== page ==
But in trying to do that, show one more thing: The most popular content on Facebook is often horrific, recycled generic memes.
It’s not necessarily surprising that reposts of already popular memes get views on Facebook, but it is “necessary to monitor where the attention this content gains are directed” to catch attempts to divert that attention to discord, extremism and disinformation, says Karan Lala, a fellow and editor-in-chief at the Integrity Institute, an organization founded by former Facebook Integrity employees to research and advise the public on the inner workings of social media platforms. Lala recently published a research In the Facebook spam economy.
The top 20 posts by views on Facebook in the latest report are overwhelmingly reposted memes that were originally created for other platforms. A lot of the pages I’m responsible for belong to Instagram viral content accounts with names like Ideas365 or Factsdailyy. There are two reposts of pro-Johnny Depp memes on the list, with nearly 100 million views in between. Two of the 20 most viewed posts were not included in the report because Meta removed them for violating their intellectual property policies or inauthentic behavior.
The main issue here isn’t necessarily a security issue: Facebook’s most popular content looks a lot more like Boomer’s taste than it does something designed to attract engagement from younger audiences flirting with Meta. But as Lala notes, relatively benign meme accounts and potentially malicious accounts spread memes In order to attract attention to a place specific hard to distinguish on the surface.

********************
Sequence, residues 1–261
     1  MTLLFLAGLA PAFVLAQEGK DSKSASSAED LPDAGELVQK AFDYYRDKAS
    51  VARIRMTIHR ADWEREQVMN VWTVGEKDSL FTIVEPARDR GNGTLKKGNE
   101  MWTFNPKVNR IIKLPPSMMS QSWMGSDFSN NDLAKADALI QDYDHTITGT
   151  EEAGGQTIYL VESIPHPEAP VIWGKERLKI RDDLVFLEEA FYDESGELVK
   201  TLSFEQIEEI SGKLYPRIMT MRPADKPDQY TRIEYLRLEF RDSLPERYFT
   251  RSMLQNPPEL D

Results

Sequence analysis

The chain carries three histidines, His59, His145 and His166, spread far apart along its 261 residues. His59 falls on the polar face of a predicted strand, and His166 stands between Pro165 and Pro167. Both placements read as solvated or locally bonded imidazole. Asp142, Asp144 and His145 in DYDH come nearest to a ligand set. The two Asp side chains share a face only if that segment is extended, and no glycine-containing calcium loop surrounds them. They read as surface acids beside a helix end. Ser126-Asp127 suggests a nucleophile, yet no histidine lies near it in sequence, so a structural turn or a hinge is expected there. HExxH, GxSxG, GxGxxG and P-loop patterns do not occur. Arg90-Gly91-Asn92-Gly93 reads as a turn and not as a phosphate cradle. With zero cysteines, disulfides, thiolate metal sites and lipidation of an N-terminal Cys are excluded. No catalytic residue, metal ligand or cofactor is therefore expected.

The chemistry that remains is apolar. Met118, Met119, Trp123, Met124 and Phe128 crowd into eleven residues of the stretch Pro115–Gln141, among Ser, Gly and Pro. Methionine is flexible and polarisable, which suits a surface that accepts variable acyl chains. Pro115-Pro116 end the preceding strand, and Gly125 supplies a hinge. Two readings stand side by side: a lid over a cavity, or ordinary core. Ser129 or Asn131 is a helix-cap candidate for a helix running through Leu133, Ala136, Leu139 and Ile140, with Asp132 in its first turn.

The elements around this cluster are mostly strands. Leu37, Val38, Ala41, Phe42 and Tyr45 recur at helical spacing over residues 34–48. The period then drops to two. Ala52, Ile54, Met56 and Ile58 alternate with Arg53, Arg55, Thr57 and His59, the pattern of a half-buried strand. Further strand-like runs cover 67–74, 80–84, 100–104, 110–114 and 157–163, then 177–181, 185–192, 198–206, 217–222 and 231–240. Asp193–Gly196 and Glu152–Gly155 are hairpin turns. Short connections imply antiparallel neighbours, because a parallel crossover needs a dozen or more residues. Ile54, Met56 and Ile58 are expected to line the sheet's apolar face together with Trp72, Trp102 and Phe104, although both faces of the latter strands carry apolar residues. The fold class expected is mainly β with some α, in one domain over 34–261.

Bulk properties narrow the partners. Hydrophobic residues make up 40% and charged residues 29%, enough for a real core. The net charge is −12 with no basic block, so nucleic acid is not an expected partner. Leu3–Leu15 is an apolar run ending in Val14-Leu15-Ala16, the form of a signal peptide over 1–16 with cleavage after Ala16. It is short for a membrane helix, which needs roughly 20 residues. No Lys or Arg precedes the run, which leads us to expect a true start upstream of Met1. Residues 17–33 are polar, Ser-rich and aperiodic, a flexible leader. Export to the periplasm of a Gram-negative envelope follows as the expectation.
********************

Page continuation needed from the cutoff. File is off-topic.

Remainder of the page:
Ideas365 and Factsdailyy look alike at first: they are both Instagram meme accounts that get a massive amount of views on Facebook. They each post about half a dozen short videos per day. Its content is public. But looking closely, Lala notices a few key differences: Factsdailyy’s bio contains contact information, and every post brings back the source of the meme he’s reposting. At a glance, this account is likely just a regular old meme account.
By contrast, Ideas365—the page that posted a file family feud Video at the top of Facebook’s most-watched list for the quarter – driving traffic to a site that sells courses to make money selling stuff on Amazon. While the account is credited with the source of some memes, it uses the attention that those memes get to to advertise questionable favors. Her Featured Stories advertise a mentorship program that promises to teach students how to create automated Instagram accounts for profit. “The user behind the account reports having over 250 thematic pages on Instagram and earning ‘hundreds of thousands a month’ from their phones. This is also complemented by videos bragging about the user’s many luxury cars.”
There’s nothing inherently wrong with a meme page being spam, of course. The harm here isn’t that the account uses short Meta videos to get people to sign up for an expensive course, says Lala: “As we head into election season, it’s important to note that this attention can easily be directed toward disinformation or other damages using similar tactics.” Last year, MIT Technology Review reveal to what extent Global content farms have become adept at using Meta’s incentive structures to directly profit from popular content, whether it’s images about a celebrity breakup or misinformation about a divisive issue.
The Meta also provides data about which external links and domains have been viewed. In this report, five of the top 20 links for inauthentic behavior have been removed (the top link was, of course, to TikTok). The list of the most widely viewed domains – perhaps the part of this report designed to directly confront CrowdTangle data – showed a mix of competitors such as YouTube, TikTok, major news sites and GoFundMe.